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Woman in late 50s must slash expenses and time-share her horse to retire

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Situation: Woman, 56, with two kids at home can’t afford to retire without more assets, fewer costsimage

Solution: Delay retirement to 60 to increase assets growth and cut payout years, grow investments

In Alberta, a women we’ll call Helen, 56, is tired of her work. She wants to retire from her job as a chemical analyst for a small company in the oil industry. She has financial assets of about $700,000 which, with the assistance of Old Age Security and Canada Pension Plan, will be her total retirement support. For now, she has two children in their early 20s living at home and a riding horse to feed. A cautious person, she is not sure she is financially ready to quit a job that provides $4,000 monthly after-tax income. She has no debts but she also has no company pension.

Related 60-year-old woman with budget already in red must raise cash and cut losses to retire With $7,000 a month going to service debt, future bleak unless couple can stem the red ink Millionaires who don’t have any money face having to work to 70 “I have been working in some capacity since I was 12, raised two children on my own and managed to pay off my house and my car,” Helen explains. “I want to retire soon, but my children need help, the younger with university expenses, the older with living expenses after coming back home. All that will add perhaps $1,000 a month to my expenses. Can I retire under the circumstances and, if so, when?”

Family Finance asked financial planner Don Forbes, head of Don Forbes & Associates Ltd./Armstrong & Quaile Associates Ltd. in Carberry, Manitoba, to work with Helen.

Cost control before retirement

“Not yet,” is Mr. Forbes’ answer. “To retire this year, Helen would have to reduce expenses by as much as 60% or have the children pay a lot more of their bills. But in two years, with some planning, retirement is possible with cuts in spending, elimination of commuting costs, office lunches, and some spending on clothes for work. Her children, still resident in her home, would have to contribute to the household budget. Helen will continue to have a $1,000 a month contribution to household expenses from a friend living with her. That pushes her total disposable monthly income to $5,000. Waiting an additional two years to age 60 makes even more sense, for it allows her income from her RRSP to grow and increases the probability that the children will be on their own. So 60 is the start date for this plan.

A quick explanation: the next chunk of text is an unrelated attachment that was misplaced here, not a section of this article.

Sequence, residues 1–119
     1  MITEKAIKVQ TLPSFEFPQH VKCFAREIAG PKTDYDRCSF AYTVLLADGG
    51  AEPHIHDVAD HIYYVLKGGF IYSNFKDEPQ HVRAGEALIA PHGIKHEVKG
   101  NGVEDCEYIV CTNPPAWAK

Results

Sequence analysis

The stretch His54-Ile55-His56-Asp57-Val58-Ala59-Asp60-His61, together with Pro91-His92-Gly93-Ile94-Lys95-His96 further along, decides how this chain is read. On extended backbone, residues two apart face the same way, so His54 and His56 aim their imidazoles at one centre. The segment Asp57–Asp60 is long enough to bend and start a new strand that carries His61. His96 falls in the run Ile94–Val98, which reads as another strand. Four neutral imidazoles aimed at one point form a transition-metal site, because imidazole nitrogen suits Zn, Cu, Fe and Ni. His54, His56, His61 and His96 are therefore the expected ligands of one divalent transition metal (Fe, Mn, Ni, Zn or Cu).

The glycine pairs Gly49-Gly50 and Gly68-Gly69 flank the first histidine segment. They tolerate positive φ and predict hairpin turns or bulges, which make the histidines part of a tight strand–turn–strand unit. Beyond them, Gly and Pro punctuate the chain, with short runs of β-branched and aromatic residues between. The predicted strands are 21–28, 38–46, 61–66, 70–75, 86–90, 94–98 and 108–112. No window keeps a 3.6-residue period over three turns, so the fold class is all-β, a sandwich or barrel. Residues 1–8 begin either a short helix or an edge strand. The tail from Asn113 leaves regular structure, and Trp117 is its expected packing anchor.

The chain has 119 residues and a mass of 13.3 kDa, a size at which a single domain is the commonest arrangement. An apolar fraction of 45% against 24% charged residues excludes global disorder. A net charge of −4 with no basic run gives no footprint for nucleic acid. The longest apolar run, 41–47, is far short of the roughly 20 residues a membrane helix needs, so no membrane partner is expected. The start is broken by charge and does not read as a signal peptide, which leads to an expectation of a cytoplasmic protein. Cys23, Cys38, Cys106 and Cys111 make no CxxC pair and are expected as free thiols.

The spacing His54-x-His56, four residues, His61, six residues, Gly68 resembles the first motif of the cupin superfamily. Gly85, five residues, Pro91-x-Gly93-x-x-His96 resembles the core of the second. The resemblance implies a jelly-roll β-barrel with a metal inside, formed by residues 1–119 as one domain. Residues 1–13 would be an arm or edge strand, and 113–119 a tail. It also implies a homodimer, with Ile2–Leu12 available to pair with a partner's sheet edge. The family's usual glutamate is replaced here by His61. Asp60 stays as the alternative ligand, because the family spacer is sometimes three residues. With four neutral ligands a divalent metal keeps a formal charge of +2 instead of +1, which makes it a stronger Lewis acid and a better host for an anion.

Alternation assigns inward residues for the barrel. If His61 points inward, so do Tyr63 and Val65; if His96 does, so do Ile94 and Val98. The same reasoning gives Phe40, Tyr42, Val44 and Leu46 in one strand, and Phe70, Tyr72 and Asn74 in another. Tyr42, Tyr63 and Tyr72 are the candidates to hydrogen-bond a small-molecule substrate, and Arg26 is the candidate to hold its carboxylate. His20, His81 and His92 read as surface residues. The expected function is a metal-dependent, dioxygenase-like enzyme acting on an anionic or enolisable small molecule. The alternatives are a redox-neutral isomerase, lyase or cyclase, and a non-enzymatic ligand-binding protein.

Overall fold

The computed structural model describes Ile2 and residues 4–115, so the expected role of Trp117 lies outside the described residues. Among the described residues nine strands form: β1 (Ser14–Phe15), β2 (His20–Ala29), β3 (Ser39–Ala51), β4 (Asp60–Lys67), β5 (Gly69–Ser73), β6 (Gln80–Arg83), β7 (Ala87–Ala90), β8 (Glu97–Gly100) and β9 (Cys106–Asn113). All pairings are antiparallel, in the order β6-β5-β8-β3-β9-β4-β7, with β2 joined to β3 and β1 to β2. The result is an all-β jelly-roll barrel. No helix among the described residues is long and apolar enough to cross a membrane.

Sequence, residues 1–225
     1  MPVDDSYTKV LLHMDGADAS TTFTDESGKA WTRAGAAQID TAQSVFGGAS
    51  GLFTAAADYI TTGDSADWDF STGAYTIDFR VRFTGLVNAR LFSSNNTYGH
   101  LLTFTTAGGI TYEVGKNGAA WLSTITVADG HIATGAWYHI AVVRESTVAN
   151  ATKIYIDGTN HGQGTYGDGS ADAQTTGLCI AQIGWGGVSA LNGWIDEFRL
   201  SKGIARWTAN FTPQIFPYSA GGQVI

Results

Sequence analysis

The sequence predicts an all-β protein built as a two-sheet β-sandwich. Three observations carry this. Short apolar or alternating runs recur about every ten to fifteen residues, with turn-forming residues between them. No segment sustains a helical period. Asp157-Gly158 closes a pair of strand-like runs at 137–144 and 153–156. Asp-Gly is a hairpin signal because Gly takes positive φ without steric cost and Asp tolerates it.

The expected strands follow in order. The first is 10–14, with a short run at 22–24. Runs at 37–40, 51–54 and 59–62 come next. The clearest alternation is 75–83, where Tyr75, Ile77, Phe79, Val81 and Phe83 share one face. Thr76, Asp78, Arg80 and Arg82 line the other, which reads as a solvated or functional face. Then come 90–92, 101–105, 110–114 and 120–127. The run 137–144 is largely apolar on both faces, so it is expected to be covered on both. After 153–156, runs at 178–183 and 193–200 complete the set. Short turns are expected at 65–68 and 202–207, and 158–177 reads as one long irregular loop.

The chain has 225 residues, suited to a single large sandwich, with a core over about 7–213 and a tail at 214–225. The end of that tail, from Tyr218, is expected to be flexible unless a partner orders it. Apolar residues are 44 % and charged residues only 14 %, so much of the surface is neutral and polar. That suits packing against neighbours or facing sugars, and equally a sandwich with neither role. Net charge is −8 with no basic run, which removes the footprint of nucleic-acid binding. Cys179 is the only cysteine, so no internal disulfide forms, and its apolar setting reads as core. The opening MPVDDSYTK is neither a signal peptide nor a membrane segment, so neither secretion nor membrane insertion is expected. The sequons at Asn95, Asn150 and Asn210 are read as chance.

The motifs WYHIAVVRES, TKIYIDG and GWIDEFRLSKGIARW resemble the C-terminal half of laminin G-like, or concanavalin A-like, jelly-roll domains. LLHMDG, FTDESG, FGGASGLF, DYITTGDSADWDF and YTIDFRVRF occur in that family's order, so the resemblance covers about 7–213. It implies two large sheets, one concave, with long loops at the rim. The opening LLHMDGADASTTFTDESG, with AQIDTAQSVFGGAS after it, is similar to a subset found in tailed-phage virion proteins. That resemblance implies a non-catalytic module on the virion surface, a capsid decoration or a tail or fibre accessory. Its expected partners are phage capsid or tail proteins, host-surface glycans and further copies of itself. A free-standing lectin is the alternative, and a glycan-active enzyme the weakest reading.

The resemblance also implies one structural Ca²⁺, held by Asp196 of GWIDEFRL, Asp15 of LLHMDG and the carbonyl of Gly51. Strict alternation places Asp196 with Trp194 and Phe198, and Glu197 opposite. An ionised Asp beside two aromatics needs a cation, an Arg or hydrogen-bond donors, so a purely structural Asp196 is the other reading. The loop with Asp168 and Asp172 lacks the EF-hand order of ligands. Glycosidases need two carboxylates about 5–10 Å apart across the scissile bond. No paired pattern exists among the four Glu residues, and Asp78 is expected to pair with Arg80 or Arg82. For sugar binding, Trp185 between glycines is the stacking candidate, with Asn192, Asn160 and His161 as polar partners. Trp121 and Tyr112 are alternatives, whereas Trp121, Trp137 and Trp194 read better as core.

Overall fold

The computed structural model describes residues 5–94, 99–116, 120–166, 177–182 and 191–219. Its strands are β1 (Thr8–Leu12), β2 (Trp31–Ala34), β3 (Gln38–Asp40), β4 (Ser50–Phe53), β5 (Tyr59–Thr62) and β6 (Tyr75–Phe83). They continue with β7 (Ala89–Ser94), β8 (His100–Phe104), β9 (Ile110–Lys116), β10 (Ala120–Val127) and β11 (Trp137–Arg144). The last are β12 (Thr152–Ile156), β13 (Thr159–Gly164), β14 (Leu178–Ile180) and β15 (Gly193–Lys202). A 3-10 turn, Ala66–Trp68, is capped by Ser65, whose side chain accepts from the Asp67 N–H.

Before retirement starts, Helen has to deal with large future costs. Her horse, which costs $450 a month for stable, food, vet bills, etc. is an important part of her life. Helen can keep it, perhaps by finding a partner to share the costs and, of course, to have the use of the animal on whatever basis might be agreed.

Helen has to replace her 11-year-old vehicle. A new truck with a $25,000 price tag could be financed with a $475 monthly payment on a five-year loan at 3%. That could come in part from suspending TFSA savings, currently $300 a month, or via a withdrawal from the $20,000 balance of the TFSA or $6,000 cash on hand or some combination of those sources. It’s a tough choice, for there isn’t much fat in her spending to cut. We’ll assume that TFSA savings stop and that the account is used in some measure for the purchase.